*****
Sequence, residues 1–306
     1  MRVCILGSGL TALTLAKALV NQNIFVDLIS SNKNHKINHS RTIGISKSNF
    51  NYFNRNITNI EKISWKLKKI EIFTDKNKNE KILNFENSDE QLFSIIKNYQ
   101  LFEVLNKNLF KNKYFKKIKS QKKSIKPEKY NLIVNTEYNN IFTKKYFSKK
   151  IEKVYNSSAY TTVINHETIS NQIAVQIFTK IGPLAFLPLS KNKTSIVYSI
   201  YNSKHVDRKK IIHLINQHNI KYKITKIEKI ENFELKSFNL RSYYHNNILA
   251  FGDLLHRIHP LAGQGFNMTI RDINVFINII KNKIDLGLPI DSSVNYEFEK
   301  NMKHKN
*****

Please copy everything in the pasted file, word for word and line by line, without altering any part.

Sequence, residues 1–306
     1  MRVCILGSGL TALTLAKALV NQNIFVDLIS SNKNHKINHS RTIGISKSNF
    51  NYFNRNITNI EKISWKLKKI EIFTDKNKNE KILNFENSDE QLFSIIKNYQ
   101  LFEVLNKNLF KNKYFKKIKS QKKSIKPEKY NLIVNTEYNN IFTKKYFSKK
   151  IEKVYNSSAY TTVINHETIS NQIAVQIFTK IGPLAFLPLS KNKTSIVYSI
   201  YNSKHVDRKK IIHLINQHNI KYKITKIEKI ENFELKSFNL RSYYHNNILA
   251  FGDLLHRIHP LAGQGFNMTI RDINVFINII KNKIDLGLPI DSSVNYEFEK
   301  NMKHKN